NME 'On' piece, 2 June 1999


Serge Overkill!
On Band One - Venini

When Russell Senior, the mad staring eyes at the right-hand side of Jarvis Cocker, made his amicable exit from Pulp, we thought we'd seen the last of him. Rumour had it that he was back in his native Sheffield cataloguing an antique glass collection and was never going to pick up a guitar again.

Rumour had it wrong though, because scattered around the foyer of London's Columbia Hotel are Venini. The man known in Pulp mythology as 'The Headmaster' found himself a new set of charges, namely Amazonian ex-dominatrix Debbie Lime (vocals), Nick Eastwood (bass), Danny Hunt (keyboards) and impassive drummer Robert Barton. Not only that, but they're about to release a new single, the stack-heeled, Serge Gainsbourg stomp, 'Mon Camion': think Stereolab trading blows with The Glitter Band at a Versace party on the moon and you won't be far off.

"It's about a truck," explains Lime in a listless Yorkshire drawl. "'Camion' is the French word for trucks, but it also means 'slapper' as well. So the song is about my obsession with dirty old things."

Venini fell together when Senior finally got bored with pottering around the house. "I can't not do music," hs explains. "It just goes through my head all the time and annoys me."

Happy accident found him hearing a tape of Lime's songs and being inspired to put music to them. "I met Debbie and I had wanted to be really cool and underground, but she started going all pop," he mutters ruefully. "I hadn't intended to be in a band with ambition. It started out as a nice dinner party with a few guests, but it's ended up spilling over into the woods and turning into this bacchanalian frenzy while I'm standing back in horror looking at it."

The rest of Venini were assembled in an elquently shambolic style. "Russ asked me if I knew any good musicians," says Eastwood. "I did, but I didn't tell him about any of them."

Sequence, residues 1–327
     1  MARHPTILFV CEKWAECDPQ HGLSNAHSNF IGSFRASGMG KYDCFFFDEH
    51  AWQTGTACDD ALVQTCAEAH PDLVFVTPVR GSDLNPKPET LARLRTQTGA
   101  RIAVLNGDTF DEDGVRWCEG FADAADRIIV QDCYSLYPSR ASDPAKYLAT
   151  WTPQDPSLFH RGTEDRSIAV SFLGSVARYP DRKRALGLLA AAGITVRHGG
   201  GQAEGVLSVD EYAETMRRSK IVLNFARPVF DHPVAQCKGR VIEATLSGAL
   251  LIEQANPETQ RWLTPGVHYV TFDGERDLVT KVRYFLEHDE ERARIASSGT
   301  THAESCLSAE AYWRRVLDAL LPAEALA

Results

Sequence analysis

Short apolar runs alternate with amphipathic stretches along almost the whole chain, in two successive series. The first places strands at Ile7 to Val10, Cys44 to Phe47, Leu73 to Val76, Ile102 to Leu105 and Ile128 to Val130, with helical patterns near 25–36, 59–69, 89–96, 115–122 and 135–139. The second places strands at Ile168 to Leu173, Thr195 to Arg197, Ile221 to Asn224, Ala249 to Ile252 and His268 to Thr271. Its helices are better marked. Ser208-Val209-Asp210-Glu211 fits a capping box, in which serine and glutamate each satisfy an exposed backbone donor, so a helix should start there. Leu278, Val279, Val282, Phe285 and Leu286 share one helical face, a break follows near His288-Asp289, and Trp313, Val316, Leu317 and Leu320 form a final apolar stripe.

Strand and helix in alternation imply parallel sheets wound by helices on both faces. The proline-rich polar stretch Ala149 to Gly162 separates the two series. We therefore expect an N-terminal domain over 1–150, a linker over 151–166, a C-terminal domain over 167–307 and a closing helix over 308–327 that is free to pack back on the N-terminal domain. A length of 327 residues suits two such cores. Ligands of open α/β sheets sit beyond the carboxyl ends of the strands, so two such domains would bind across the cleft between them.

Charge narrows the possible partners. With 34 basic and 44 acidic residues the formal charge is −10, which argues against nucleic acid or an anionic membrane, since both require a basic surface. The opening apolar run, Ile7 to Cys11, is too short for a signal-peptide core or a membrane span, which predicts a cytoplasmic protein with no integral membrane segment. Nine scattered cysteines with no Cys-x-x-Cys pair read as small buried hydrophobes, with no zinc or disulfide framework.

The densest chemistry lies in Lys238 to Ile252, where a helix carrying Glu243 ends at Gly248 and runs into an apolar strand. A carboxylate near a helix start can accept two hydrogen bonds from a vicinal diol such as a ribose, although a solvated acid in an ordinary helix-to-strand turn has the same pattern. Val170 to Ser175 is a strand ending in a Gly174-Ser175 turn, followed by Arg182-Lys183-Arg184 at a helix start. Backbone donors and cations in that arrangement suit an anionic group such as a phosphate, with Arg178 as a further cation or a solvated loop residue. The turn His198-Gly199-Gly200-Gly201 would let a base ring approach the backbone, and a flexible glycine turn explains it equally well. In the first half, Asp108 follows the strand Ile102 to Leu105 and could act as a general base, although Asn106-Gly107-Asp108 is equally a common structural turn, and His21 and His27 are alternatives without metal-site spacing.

Rehearsals and a short spell supporting Rialto followed as Venini tried to work out their musical identity outside the public glare and came to terms with Lime's, erm, liberated lyrical musings.

"When I first got the tape, the lyrics just gradually got more and more out of order," smiles Hunt. "There's this lovely ballad she wrote with the line, 'Tie me up in wire' on it and you can't say that," adds Senior, lapsing into headmaster mode again. "I'm constantly having to tone down Debbie's excesses to something more sweet and innocent."

Happily, as 'Mon Camion' will shortly demonstrate, he hasn't managed to sanitise Venini's sound, and with the enthusiastic reception awarded to their few outings thus far, Senior could be shuffling back into the limelight he was once so disillusioned with sooner than he thinks. Don't mention the 'P' word, though...

"I'm not interested in picking up any mileage from this ex-Pulp thing," he says with gravity. "In a couple of months, we're just going to be the Venini blokes anyway."

Four men and a woman from Sheffield, winding up to take on the world. Now where have we heard that one before?

Jim Wirth

'Mon Camion' is released on Bikini on June 14.


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